The Hill | Wed, Jan 27, 2021
by Bianca Taylor
President Biden’s climate initiative boasts a new term “environmental justice,” which speaks to the disproportionate burden of pollution and climate catastrophes that are imposed on vulnerable populations. As the financial system comes to terms with climate risks, climate justice should also be considered.
The Federal Reserve was founded in 1913 in response to perennial liquidity crises — financial emergencies that caused cash to be suddenly unavailable. In addition to being the lender of last resort, its role evolved into managing inflation, and over the last 10 years the focus has been on staving off deflation.
Deflation is a situation whereby prices fall. It sounds like a shoppers dream, but remember that prices are only falling if demand is down, and demand usually falls in response to job losses or wage cuts. Think of the financial fallout in 2008 or the coronavirus crisis 2020. If the Fed had not stepped in with massive liquidity injections we would be in economic collapse. Deflation is caused by a shock to the economy such as a large percentage of homeowners defaulting on their mortgages or the coming environmental catastrophes caused by a hot planet.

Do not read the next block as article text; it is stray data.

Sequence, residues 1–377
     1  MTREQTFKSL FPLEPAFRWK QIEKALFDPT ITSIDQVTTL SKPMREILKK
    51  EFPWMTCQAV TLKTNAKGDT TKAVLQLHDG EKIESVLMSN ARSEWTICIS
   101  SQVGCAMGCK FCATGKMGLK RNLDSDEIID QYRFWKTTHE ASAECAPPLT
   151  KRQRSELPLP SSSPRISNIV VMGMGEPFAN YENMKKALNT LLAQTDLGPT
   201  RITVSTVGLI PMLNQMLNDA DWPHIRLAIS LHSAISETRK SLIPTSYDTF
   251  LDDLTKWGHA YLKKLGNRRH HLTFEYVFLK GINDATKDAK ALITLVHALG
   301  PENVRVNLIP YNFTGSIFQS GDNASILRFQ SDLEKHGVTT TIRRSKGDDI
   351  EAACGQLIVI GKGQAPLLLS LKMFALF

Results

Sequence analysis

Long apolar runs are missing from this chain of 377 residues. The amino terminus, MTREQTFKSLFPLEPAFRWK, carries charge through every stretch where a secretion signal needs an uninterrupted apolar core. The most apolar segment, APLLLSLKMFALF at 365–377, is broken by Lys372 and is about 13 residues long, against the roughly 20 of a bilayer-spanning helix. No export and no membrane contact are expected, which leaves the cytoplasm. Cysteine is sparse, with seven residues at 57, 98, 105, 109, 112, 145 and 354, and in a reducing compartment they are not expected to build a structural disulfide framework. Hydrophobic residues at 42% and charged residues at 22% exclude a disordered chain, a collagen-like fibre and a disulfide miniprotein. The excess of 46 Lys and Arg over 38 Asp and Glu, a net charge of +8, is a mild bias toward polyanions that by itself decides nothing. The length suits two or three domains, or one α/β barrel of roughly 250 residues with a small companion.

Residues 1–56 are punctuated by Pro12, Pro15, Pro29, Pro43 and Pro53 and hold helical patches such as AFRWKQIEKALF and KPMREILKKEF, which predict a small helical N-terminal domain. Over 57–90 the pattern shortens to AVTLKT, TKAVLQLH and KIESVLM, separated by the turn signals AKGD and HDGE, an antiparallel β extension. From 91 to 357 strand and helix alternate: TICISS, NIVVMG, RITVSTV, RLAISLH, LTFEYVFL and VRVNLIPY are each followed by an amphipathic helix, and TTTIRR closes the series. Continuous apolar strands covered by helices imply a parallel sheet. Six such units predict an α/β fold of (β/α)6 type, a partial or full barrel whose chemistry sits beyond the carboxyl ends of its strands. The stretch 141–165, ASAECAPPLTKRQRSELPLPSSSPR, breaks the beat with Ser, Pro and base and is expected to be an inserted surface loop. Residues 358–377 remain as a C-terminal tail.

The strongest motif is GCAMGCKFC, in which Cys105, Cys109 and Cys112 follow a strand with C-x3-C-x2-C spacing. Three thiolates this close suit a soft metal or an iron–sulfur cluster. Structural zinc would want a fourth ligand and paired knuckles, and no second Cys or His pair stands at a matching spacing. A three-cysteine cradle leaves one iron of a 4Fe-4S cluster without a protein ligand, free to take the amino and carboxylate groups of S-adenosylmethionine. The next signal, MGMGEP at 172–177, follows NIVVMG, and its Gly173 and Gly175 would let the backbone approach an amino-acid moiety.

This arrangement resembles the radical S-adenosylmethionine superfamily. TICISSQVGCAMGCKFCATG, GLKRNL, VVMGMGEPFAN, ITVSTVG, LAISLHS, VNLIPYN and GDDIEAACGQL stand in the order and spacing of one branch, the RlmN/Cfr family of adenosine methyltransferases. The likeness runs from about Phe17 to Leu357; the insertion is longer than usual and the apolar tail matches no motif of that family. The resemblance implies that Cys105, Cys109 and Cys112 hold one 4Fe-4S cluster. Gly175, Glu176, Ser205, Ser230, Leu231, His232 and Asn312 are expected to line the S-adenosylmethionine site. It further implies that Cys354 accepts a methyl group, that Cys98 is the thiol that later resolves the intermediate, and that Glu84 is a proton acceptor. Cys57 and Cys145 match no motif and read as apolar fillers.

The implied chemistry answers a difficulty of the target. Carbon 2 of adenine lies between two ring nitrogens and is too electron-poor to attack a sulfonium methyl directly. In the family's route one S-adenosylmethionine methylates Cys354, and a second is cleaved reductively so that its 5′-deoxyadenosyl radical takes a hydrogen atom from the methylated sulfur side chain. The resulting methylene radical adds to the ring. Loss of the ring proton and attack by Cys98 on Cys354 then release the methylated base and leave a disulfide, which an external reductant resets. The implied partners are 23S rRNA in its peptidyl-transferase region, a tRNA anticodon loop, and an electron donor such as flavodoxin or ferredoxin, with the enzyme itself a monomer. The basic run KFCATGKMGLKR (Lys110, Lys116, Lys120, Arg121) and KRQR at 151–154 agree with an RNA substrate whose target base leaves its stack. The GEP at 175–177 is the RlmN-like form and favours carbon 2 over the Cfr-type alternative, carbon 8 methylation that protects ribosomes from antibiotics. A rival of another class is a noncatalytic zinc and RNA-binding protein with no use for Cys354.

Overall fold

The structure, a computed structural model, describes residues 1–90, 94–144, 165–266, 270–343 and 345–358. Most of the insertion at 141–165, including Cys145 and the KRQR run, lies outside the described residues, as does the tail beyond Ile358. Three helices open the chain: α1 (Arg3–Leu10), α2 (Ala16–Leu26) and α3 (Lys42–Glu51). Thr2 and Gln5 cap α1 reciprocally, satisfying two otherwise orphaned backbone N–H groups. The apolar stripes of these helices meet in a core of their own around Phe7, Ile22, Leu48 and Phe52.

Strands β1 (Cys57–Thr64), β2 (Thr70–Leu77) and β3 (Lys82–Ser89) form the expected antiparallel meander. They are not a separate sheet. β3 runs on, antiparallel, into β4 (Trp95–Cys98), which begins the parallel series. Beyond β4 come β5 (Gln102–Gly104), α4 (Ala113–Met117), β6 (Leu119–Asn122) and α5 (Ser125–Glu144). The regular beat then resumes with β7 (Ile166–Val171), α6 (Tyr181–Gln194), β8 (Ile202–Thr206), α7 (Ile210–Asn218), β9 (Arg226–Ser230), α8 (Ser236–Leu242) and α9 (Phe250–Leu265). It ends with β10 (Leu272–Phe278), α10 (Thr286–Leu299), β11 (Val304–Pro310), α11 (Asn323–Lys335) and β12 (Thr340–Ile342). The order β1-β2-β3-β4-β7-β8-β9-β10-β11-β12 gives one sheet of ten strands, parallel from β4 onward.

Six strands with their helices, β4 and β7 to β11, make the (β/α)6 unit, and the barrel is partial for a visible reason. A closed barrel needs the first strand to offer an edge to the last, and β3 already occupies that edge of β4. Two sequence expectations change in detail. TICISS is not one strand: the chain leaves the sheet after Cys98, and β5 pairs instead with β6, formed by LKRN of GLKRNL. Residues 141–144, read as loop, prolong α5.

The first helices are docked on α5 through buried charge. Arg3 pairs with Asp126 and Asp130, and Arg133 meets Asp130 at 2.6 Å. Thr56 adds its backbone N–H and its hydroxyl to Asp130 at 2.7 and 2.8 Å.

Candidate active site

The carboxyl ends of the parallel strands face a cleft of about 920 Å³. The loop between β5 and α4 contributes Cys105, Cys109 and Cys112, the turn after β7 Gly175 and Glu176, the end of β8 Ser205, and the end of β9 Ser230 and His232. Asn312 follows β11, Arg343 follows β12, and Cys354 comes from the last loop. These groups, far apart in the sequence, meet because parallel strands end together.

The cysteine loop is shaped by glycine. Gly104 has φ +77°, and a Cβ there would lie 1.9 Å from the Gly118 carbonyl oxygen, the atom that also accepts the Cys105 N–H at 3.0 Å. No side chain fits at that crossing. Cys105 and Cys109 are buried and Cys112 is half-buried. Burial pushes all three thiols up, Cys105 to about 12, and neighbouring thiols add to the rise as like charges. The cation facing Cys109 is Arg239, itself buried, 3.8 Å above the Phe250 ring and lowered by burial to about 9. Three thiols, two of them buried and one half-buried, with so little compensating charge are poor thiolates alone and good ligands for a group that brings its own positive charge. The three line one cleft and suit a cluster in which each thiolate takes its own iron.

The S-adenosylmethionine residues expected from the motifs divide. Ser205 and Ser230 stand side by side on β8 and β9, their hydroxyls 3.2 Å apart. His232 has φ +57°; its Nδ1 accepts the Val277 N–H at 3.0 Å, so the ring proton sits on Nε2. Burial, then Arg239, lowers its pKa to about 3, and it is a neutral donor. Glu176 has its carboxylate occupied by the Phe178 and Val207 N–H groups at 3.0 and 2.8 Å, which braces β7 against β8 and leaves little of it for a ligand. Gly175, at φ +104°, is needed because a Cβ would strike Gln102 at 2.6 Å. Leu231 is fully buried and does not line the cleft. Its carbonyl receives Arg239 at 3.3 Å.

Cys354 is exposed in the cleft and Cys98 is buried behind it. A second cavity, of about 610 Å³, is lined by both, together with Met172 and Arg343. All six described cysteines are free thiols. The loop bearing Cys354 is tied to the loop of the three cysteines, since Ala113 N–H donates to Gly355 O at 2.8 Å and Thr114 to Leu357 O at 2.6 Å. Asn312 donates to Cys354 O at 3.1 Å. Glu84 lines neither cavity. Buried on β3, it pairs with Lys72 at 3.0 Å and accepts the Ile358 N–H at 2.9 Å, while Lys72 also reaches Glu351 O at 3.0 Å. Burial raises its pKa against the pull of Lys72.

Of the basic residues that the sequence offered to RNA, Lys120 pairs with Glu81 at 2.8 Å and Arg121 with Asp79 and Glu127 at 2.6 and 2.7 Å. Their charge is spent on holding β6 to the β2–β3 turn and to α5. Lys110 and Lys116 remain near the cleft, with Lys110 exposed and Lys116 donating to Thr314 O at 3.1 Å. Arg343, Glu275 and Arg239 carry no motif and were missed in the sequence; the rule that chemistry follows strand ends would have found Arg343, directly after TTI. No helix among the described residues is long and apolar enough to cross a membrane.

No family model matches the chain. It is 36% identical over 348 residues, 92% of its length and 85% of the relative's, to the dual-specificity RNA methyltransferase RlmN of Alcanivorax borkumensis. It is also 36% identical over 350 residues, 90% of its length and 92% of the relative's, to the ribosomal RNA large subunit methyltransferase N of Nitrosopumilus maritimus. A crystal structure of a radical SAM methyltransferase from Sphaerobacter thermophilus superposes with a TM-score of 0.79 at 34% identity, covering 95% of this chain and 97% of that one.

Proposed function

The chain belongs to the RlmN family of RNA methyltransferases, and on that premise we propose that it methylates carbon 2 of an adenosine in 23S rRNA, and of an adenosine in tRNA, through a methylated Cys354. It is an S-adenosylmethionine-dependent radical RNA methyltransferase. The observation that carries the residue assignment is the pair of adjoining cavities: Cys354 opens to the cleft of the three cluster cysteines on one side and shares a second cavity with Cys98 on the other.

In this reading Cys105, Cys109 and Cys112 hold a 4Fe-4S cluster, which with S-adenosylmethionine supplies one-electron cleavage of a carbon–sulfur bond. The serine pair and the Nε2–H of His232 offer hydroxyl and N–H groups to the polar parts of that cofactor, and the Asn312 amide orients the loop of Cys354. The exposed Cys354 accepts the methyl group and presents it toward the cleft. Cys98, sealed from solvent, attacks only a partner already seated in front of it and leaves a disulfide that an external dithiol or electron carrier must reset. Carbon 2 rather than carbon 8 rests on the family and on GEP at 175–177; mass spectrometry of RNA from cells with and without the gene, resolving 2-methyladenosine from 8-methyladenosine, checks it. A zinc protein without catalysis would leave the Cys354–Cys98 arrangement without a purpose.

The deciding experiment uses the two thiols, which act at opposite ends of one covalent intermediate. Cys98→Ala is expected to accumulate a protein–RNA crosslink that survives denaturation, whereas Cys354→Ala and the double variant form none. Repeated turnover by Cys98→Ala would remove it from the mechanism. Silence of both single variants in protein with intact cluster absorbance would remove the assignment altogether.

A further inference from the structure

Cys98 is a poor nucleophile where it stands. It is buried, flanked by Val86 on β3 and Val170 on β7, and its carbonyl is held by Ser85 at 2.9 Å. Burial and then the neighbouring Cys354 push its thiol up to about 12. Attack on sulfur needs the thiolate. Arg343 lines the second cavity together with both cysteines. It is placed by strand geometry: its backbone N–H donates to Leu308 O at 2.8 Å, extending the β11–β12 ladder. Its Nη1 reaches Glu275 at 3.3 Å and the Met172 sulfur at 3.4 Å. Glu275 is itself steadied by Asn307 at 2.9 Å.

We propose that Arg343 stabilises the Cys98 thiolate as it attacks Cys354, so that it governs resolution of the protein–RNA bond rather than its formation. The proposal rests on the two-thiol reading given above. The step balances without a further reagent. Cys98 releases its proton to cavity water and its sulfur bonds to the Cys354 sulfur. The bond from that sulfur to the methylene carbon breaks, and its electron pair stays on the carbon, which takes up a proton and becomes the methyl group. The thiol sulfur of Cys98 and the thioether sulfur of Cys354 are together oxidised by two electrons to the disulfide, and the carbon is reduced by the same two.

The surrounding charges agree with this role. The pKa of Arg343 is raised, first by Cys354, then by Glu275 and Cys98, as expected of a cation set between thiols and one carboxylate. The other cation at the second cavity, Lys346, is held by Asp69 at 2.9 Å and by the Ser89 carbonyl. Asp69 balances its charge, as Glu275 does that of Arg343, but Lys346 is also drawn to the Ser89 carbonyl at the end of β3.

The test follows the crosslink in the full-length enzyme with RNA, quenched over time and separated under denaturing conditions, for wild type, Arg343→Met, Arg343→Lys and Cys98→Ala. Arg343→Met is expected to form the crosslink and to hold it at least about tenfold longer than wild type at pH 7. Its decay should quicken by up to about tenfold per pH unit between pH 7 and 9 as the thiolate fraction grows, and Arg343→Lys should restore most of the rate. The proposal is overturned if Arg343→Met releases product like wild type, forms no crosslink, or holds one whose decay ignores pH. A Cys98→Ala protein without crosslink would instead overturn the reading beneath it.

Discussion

Preparing for climate catastrophes means many things: infrastructure that can withstand floods and agriculture that is drought resistant; and smarter insurance. It also means that central banks like the Fed need to implement new scenarios into their forecasts, and make adjustments. And we also need to think about the social justice implications of these new policies, including an upgrade to those already existing.